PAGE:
This Library Strives To Revive Lost Languages Through Poetry

A lost art no longer

Jan 3, 2018
A woman strolls through rows of books at the UK's National Poetry Library.

As one of the main ways humans communicate with each other, the spoken word also helps us celebrate our culture and history.



The UK’s National Poetry Library (NPL) is making a huge effort to save endangered languages so that future generations will remember where they came from.

Although one of the world’s 7,000 languages is pushed into obscurity every two weeks, the NPL’s efforts may save the tongues with their new project.

Organizers are asking people from around the world to share their poems so future generations can appreciate and enjoy the poetic history.

The NPL is working towards collecting poems written in various languages from Irish Gaelic to Assyrian.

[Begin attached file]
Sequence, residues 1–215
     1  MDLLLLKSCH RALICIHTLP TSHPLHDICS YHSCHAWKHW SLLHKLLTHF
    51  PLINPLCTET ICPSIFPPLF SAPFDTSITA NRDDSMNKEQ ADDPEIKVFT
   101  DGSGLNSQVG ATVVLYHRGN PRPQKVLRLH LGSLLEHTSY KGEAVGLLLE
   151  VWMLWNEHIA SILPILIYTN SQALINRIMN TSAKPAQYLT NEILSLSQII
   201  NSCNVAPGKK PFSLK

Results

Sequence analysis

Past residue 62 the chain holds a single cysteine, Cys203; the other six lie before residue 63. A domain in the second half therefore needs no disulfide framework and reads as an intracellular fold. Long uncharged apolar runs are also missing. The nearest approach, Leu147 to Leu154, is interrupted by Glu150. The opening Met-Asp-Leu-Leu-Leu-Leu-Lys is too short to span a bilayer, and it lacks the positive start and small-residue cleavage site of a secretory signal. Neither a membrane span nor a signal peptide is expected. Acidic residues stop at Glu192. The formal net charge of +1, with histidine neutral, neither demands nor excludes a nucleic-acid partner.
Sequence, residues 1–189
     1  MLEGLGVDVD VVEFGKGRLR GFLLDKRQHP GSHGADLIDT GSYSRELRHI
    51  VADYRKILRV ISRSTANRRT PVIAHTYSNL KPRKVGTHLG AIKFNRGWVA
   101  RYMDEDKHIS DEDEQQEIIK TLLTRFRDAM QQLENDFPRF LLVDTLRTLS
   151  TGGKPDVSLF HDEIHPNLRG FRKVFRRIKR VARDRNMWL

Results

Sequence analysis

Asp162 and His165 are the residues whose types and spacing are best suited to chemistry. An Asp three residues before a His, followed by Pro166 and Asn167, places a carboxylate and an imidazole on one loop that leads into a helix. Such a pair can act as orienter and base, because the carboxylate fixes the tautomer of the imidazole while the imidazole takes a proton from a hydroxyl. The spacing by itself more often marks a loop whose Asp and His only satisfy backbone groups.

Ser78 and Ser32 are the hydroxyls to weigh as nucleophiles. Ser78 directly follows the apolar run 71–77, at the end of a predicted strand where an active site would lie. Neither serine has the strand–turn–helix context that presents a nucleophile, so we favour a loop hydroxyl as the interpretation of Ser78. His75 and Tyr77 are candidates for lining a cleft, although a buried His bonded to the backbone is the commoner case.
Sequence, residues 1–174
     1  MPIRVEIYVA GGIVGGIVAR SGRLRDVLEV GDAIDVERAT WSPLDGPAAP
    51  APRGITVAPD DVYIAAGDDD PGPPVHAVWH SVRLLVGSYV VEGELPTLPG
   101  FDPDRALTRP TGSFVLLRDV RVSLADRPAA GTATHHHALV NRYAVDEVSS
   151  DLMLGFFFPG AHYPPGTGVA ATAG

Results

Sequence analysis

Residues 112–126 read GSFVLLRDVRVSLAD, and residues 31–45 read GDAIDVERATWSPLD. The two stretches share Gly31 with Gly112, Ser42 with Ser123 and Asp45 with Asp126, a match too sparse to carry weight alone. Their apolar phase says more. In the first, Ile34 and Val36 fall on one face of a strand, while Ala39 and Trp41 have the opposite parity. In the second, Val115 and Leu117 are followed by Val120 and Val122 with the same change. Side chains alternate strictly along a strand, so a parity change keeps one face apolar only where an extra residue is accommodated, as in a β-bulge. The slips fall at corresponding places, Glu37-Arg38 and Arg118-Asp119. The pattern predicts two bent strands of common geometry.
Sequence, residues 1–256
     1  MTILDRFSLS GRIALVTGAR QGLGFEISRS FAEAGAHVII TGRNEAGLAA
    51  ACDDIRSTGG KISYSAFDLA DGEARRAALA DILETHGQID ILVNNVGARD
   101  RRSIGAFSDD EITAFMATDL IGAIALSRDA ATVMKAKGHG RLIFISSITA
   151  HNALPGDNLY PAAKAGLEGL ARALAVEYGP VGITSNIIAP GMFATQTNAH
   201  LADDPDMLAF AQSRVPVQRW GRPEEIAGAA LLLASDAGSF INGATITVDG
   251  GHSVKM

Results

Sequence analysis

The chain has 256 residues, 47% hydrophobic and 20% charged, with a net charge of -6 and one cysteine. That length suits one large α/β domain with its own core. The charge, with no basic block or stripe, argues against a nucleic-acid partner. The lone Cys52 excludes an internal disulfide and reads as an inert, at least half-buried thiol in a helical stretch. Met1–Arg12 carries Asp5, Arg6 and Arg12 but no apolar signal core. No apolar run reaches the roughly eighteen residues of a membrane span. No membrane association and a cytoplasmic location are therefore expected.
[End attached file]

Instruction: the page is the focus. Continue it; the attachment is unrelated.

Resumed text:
The library has also commissioned four poets to create poems in languages that are slowly disappearing, in the hopes of reviving them.

Nineb Lamassu in Iraq’s unofficial Assyrian language, Ugandan poet Nick Makoha in his native Luganda, and Joy Harjo will create a piece in Native American Mvskoke (Creek) Nation.

In addition to inspiring people to share their work and promote the art of poetry, the NPL is also succeeding in preserving a culture for generations to come.

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REBECCA WOJNO, CONTRIBUTOR
Rebecca is passionate about reading, cooking, and learning about people doing good in the world. She especially loves writing about wellness, personal growth, and relationships.

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